You spent your 20s working toward building your dream career, but now that you’re in your 30s, what do you do when you’ve, well, changed your mind? Or maybe you never quite figured it out, and you’re now ready to commit to something you’re passionate about, whether it’s a job, a city, or just a new way of life. To celebrate the career changes that can come at any age, we’re debuting a new series called Second Life. Each month, we’ll hear from women who got over their doubts and fears and made the biggest changes of their lives.
Why did Mia Saini Duchnowski, 34, give up a successful career as a TV reporter and anchor to launch a men's grooming brand? The MIT and Harvard Business School graduate shares matter-of-factly that when she would interview her colleagues who started billion-dollar businesses, she would wonder Why not me? Raise your hand if you've experienced this sentiment. We certainly have.
Also a mother of three, Mia tells us that she wanted to build something with a legacy component to it. In November 2016, she and co-founder Laura Lisowski Cox, 34, set out to do just that with the launch of Oars + Alps: a three-product line including a facial cleansing stick; a hydrating two-in-one facial moisturizer and eye cream; and an active armor deodorant. The female founders who started their company with $50,000 of their own money received $1.3 million in their first round of seed funding in June 2017.
Though the career change was successful, the decision to quit Bloomberg TV was scary. In our interview, Mia admits that it was terrifying to leave a stable, fun, and glamorous job. But she says, "If I wasn't going to do it now, I wasn't going to do it." Keep reading to learn what inspires the Chicago-based CEO to get out of bed every morning, and the advice she has for women who want to make a major change in their lives.
"Stop overanalyzing it, and just do it. It's always hard to identify the right time to do anything, and it's always going to be really scary."
MYDOMAINE: Where did you go to school, and what did you study?
MIA SAINI DUCHNOWSKI: I went to MIT. I studied computational neuroscience and civil engineering. I thought I was going to be a rocket scientist, which is why I did my internship working at NASA. And then I discovered finance and Wall Street in my third year at MIT, and I did an internship at Goldman Sachs. I fell in love with the fast-paced nature of the trading floor and took a job there after graduation.
MD: Before starting Oars + Alps, how long were you in your previous career?
MSD: There's an overall problem-solving theme to my career. I started a couple years out of college working at Goldman Sachs. I saw that people on TV were struggling to explain what was happening in the financial market, and I wanted to be a part of that change. So I applied and went to Harvard Business School. From there, I worked at Forbes as one of its first on-air video anchors, and then I joined Bloomberg TV.
MD: How did you make the shift to Oars + Alps?
MSD: By being on camera, I had access to some of the best skincare products, and my husband, who is very much a guy's guy, was always putting his fingers into my SPF moisturizer or eye cream… [Laura and I] quickly realized women are the gatekeepers to their husband's skin.
MD: Where does the name come from?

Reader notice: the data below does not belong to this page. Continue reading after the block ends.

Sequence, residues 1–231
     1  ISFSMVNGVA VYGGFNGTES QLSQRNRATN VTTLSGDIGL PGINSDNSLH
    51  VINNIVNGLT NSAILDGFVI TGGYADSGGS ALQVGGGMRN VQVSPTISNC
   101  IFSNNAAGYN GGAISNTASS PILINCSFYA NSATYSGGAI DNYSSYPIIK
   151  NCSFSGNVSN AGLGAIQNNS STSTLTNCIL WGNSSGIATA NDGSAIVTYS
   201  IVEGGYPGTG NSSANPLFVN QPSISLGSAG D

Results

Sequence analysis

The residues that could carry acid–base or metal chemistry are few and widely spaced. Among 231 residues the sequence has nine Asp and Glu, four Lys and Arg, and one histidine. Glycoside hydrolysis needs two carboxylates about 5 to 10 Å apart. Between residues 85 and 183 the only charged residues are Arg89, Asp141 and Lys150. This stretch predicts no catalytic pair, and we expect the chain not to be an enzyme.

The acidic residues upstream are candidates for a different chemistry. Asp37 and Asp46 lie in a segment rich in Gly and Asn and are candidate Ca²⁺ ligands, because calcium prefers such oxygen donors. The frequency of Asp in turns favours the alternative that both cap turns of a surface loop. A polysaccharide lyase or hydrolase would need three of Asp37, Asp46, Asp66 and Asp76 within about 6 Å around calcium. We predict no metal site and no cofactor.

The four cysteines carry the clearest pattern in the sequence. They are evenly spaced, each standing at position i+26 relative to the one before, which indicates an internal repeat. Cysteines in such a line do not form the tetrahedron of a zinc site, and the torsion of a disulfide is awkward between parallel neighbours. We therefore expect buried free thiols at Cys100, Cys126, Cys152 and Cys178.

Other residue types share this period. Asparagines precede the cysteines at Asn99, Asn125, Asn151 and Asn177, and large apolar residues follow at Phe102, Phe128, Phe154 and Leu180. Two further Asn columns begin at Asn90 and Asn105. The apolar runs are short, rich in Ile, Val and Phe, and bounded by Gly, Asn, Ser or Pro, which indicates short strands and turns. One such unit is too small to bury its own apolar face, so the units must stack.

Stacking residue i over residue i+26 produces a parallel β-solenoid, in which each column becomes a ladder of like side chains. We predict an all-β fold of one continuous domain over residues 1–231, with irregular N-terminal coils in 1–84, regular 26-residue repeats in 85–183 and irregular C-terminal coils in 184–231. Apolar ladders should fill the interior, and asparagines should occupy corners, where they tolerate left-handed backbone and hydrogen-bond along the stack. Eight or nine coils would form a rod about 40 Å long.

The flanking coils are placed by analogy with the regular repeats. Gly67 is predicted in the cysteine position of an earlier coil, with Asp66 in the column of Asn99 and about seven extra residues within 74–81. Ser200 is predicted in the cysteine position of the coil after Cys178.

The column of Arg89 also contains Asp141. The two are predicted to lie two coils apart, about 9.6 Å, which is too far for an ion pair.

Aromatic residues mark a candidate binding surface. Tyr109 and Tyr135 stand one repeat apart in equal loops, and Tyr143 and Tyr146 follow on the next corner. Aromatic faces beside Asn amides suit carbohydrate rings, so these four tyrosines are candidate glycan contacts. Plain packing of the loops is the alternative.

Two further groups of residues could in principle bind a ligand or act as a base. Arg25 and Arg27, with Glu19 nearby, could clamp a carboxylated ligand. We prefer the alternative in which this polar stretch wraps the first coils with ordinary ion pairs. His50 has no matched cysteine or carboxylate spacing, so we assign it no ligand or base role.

MSD: Oars because my husband is a professional rower, and Alps because both Laura's husband and my husband are avid snowboarders and skiers.
MD: In addition to the realization that women are the gatekeepers to their husband's skin, did you have any life-changing experiences that made you reevaluate your career path?
MSD: I was living in New York, and a couple things were happening. The first was I started realizing I was interviewing a lot of my friends on camera, and they were starting these billion-dollar businesses, and I would look at them thinking, I could do that. Why not me? The engineer in me wanted to create something from scratch and build something from the ground up. The second thing was I have little kids, and when you have kids, you realize you want to build something that has a legacy component to it. The timing was right. If I wasn't going to do it now, I wasn't going to do it. This was the time to do it, to build something.
MD: Was making the change scary at all?
MSD: It was terrifying to leave a stable job that's very fun and glamorous—I had my hair and makeup done every day—to do something where no one cares what I wear or if my hair is done. That was hard: to step away from the limelight, so to speak. I had access to interviewing some of the best people: billionaires, politicians, celebrities, and economists. To step away from that lifestyle was very hard. It wasn't easy at all. I saw this huge white space in men's grooming, and I knew I could be impactful in creating something that's better than what was out there.
"It was terrifying: to leave a stable job that's very fun and glamorous—I had my hair and makeup done every day—to do something where no one cares what I wear or if my hair is done."
MD: What makes you jump out of bed in the morning?
MSD: The fact that I am creating something that is bigger than myself, and I am working on changing the way men engage with skincare products and take care of their skin. My husband is prone to skin cancer: His grandfather has it, and his father has it. It's really important to me to get him and other guys to really think about how important it is to take care of their skin.
MD: What advice would you give women who want to start a new venture or make a career change after 10 years pursuing one career?
MSD: Stop overanalyzing it, and just do it. It's always hard to identify the right time to do anything, and it's always going to be really scary.
Would you give up a glamorous career to start from scratch? Why or why not? We'd love to hear from you!